Yeah, a ship this size needs a crew of about 30. There's just too much to keep track of, even for expert sailors - Terwilliger's latest Tales of Tragedy recounted one sad tale of twenty of the best and brightest of a naval academy who took one of these out on a rescue mission, because it was all there was and they were all there was. The ship was lost at sea with no survivors. Fortunately, between captives and surviving pirates you can get up to 40, and the knowledge that they all need to work together to survive should be something of a unifier. Should be. So how are you going to motivate people to repair the lines and get this ship underway?

Or if they want to know the words to speak to snuff out the sun in order to stop Ossian VI's ritual, it would be useful to know that:

Words alone aren't going to be enough. You recall a passage in Ethelvin's Mortalum Limitae, on the power of words to shape mana, and oddly enough he picked the sun as an example. Ultimately he concluded that words alone could not suffice but would be used to channel the power required, which might be obtained by sacrificing a king beloved by the whole world, a flawless ruby the size of your head, and the moon. It doesn't seem likely that Ossian VI has any of those, except maybe for the ruby, but if you can track down the font of power he has managed to tap, disrupting it would blunt the destructive energies of the ritual. Surely you know how to locate something as potent as that, Wizzrobe?

(It's important, when you finish talking to the players as a GM, to make a GM move and give them something they can react to right now. Offer an opportunity/put someone in a spot/turn their move back on them/play to a class's abilities, that kind of thing.)

But all that said, sometimes you want there to be mysteries, things the players can't just remember, things maybe nobody knows. So let's talk about:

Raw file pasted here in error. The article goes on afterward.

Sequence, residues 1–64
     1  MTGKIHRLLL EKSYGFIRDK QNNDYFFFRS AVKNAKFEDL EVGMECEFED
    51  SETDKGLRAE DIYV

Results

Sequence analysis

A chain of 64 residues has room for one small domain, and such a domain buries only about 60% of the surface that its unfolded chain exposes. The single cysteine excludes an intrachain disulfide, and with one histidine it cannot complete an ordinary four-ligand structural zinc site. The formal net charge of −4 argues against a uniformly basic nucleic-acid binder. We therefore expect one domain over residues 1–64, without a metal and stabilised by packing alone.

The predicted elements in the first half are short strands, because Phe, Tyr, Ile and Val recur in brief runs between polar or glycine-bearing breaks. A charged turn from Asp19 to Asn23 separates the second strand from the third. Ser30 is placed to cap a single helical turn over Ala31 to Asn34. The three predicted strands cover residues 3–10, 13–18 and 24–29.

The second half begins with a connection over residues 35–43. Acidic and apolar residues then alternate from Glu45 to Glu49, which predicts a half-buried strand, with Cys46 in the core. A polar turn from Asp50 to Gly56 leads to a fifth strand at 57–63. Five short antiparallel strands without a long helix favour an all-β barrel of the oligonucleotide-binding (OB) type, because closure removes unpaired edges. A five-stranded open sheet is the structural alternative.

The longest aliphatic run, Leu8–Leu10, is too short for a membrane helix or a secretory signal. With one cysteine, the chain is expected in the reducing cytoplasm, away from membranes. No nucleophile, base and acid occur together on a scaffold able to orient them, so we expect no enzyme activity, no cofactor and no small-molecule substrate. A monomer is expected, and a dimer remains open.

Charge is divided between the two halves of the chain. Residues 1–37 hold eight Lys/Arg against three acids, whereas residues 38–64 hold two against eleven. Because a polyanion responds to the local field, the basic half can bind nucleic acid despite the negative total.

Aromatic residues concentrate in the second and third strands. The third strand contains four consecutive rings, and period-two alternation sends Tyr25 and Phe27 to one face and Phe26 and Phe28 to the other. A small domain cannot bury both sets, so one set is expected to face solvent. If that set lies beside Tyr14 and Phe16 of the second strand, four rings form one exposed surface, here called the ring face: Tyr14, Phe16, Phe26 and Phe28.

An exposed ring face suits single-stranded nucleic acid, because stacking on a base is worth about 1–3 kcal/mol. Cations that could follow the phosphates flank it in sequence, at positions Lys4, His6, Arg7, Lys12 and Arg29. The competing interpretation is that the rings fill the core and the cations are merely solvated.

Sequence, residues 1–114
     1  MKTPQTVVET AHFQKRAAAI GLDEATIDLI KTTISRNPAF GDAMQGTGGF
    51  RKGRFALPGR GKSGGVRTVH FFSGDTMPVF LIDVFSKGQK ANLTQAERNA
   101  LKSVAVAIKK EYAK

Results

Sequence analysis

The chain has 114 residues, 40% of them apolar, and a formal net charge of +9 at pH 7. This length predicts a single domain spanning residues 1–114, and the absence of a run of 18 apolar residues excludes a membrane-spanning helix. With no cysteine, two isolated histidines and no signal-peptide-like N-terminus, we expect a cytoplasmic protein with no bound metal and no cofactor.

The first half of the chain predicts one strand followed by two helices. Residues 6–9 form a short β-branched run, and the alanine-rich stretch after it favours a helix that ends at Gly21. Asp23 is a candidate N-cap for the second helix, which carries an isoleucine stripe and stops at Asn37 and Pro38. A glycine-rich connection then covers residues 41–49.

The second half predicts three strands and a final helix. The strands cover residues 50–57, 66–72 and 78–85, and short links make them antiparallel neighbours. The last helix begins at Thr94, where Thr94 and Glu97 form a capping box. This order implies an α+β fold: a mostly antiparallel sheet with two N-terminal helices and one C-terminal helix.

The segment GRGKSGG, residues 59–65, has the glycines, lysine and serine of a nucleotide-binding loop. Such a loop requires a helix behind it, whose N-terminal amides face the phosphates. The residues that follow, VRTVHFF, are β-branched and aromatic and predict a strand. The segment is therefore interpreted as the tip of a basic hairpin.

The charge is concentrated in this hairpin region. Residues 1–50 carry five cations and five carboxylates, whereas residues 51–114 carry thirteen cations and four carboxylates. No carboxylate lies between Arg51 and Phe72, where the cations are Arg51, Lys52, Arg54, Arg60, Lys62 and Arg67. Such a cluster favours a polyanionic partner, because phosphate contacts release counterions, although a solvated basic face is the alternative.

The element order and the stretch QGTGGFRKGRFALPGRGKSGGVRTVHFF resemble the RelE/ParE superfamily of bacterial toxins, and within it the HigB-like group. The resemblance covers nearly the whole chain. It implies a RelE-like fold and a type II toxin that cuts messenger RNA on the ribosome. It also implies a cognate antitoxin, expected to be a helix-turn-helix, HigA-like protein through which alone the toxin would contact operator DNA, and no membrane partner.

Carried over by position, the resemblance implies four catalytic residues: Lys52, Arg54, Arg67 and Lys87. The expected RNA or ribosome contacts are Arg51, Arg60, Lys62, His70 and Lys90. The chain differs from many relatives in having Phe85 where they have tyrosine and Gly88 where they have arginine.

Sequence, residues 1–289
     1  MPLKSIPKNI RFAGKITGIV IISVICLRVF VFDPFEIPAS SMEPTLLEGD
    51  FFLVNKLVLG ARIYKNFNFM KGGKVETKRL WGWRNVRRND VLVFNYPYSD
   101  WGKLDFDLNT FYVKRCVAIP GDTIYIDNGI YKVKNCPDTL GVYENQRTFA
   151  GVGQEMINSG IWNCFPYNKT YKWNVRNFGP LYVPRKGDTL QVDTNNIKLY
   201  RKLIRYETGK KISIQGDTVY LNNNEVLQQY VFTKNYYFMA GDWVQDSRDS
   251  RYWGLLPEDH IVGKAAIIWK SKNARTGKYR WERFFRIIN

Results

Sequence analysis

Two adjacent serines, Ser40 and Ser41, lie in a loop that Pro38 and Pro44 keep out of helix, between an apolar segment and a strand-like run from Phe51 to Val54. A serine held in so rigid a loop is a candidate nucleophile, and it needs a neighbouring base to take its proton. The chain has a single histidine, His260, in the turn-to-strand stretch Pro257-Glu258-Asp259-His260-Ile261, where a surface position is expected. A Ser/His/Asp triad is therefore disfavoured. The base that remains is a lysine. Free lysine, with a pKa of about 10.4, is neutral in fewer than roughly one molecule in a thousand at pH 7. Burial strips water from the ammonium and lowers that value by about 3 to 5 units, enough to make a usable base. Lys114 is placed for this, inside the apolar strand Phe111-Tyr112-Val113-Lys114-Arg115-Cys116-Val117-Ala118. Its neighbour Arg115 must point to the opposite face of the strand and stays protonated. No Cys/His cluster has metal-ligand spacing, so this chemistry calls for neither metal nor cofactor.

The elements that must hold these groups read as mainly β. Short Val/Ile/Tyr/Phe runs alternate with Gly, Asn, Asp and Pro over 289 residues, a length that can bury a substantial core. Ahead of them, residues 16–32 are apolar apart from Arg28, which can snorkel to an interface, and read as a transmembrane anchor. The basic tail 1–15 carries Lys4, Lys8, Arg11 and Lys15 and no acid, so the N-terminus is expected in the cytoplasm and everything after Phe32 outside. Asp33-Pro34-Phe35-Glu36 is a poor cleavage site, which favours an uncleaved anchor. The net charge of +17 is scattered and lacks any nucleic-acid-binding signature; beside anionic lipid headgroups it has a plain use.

X The Unknown

It's likely you're going to hit this when you're prepping an adventure or campaign front. Something that's meant to be kept hidden from the players because finding it out is the entire point. That's fine; just know that you have to deal with this somehow. If the answers are supposed to be in reach somewhere, just make a note for when you have to tell them the requirements or consequences and ask. Like:

I could tell you what this room does, sure; the cog-drakes build specialized structures out of quite simple parts, and this is a shaper module, which takes as inputs a schematic pattern and a supply of refined metal in order to create machine parts and pass them higher up. But in order to actually understand what the whole grinder tower is doing you'll have to find the maintenance room they always build into these things and look at the master schematic. Judging by their tendencies to counterflow with processing it should be lower down somewhere - Fletcher, you could probably track a maintenance crawler, which would get you there eventually, or does someone have a better idea?


You've got your speculations that the boar faction's in the right, here, but the only evidence both sides are going to accept is in the original genealogy, which was lost when the elves abandoned their original homes in what they now call the Mist-Eden. Are you going to volunteer to make the trip, or let one of the players in this succession crisis make the first move?

Or, if it's more complicated than just sticking a signpost in front of your players with TRUTH written on the arrow, you can write a custom move about what happens instead of providing purely actionable answers to a Spout Lore. For instance:

The Mist-Eden, the lost original homeland of the elves, has a history that was deliberately obfuscated by later generations, to confound and perhaps slay the curious. While you pursue the Mist-Eden and Spout Lore in service of your aims, the GM will respond as normal, but on a 10-11 will additionally hold 1-Ruse, on a 7-9 hold 2-Ruse, and on a 6- hold 3-Ruse and spend at least 1 of it immediately. The GM can spend Ruse in order to: [divers alarums and excursions here]